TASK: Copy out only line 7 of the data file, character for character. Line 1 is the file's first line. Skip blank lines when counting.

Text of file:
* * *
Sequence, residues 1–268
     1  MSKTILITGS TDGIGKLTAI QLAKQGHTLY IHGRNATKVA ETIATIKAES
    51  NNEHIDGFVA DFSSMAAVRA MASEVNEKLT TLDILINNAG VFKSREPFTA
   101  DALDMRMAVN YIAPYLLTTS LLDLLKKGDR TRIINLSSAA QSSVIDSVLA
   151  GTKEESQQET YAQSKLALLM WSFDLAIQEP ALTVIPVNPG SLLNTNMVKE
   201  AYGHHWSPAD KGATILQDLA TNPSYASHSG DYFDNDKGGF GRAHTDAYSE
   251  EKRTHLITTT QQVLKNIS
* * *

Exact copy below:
   251  EKRTHLITTT QQVLKNIS